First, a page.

The establishment of common business  and marketing practices for the API space took a lot of grassroots outreach as well as storytelling of the behalf of APIs, companies and the industries they rose out of.  There were two separate API pioneers that stepped up to help define the API industry we know today, between the years of 2005 and 2012.


While writing about the history of APIs, it is easy to be so focused on just APIs, that you overlook the single most important player in the entire history of the web API--ProgrammableWeb.

In July 2005, John Musser started ProgrammableWeb. According to his original about page:

ProgrammableWeb is a web-as-platform reference site and blog delivering news, information and resources for developing applications using the Web 2.0 APIs.
I started this site because I couldn't find what I was looking for: a technology focused starting point for web platform development. (For a bit more see my initial post.) Although no guarantees, the last time I started a reference site it somehow became Google's highest rated link on the topic. Given that this site will be a collaborative effort with community input as well, this can be what we make it.
I hope you find the site useful.
John Musser - Seattle, August 2005

John’s original blog post on why he started ProgrammableWeb, says it all: Why? Because going From Web Page to Web Platform is a big deal.

Web APIs are a big deal! Whether its social networking, government, healthcare or education--having a programmable platform to make data and resources available will be a critical part of how commerce and society operates from here on forward.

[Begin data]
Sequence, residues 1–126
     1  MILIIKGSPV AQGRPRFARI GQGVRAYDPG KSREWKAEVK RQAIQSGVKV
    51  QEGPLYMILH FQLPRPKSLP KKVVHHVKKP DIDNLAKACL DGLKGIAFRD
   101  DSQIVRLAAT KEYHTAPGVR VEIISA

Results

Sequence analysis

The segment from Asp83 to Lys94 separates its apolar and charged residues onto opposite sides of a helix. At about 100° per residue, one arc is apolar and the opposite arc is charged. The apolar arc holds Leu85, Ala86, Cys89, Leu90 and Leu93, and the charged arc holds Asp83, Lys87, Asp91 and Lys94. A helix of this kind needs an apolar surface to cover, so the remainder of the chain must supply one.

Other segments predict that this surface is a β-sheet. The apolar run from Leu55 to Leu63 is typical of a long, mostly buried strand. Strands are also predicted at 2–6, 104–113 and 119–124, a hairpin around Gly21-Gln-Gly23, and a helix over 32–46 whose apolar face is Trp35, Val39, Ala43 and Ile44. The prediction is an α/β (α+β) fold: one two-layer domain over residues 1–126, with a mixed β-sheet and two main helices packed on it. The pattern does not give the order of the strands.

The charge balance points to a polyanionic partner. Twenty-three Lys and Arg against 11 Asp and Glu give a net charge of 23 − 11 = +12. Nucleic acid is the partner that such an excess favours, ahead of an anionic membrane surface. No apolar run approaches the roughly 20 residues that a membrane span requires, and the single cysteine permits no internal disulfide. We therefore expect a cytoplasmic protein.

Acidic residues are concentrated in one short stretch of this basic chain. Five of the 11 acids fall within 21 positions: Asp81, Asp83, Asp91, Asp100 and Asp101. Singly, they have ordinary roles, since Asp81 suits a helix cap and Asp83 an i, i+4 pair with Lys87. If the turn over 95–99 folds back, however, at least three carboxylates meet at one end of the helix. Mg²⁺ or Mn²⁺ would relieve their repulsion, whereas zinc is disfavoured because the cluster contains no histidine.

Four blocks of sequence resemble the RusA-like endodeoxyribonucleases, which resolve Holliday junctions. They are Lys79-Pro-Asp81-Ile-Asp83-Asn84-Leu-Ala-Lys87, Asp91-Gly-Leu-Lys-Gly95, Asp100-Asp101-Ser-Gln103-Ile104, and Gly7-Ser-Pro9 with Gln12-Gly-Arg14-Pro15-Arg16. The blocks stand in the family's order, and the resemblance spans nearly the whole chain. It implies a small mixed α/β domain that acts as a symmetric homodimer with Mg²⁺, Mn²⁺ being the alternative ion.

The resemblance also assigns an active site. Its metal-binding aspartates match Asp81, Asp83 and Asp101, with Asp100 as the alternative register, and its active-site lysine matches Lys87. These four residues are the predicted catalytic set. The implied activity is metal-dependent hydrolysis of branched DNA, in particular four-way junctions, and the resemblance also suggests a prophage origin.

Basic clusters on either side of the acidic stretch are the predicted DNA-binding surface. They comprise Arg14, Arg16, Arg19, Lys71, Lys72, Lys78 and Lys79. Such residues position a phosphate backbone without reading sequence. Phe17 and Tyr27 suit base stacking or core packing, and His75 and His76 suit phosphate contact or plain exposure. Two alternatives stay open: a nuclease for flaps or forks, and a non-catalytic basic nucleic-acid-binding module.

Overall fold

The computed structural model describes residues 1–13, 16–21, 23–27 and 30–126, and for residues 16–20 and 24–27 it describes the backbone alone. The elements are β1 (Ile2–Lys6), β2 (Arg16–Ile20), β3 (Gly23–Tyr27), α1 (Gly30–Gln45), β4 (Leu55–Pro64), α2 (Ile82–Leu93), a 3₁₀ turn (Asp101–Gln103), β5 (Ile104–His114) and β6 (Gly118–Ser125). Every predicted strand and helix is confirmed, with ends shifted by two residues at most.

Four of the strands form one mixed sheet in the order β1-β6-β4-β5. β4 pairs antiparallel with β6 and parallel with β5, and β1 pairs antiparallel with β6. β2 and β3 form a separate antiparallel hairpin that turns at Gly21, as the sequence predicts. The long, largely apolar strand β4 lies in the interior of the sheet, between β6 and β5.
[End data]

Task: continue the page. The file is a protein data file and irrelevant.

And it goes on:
John made a early decision to showcase open and RESTful approaches to deploying APIs vs. parallel attempts of Service Oriented Architecture (SOA) and Web Services, and focused on telling stories about open APIs--way before it was the thing to do in Silicon Valley.

When I started API Evangelist in July 2010 (5 years after PW), and started talking about the business of APIs, the technology of web APIs was already widely accepted in Silicon Valley, because of the stories that have told on ProgrammableWeb.

As we progress through 2013, a year in which I think we can confidently say APIs are moving mainstream, and I feel we owe much of the success to ProgrammableWeb. The stories John, Adam and other writers have been telling on ProgrammableWeb have been crucial to quantifying and defining the API industry--allowing us all to build, iterate and move things forward.

Without stories around the technical, business and politics of APIs, these virtual interfaces would not have been able to find a place in our real life worlds.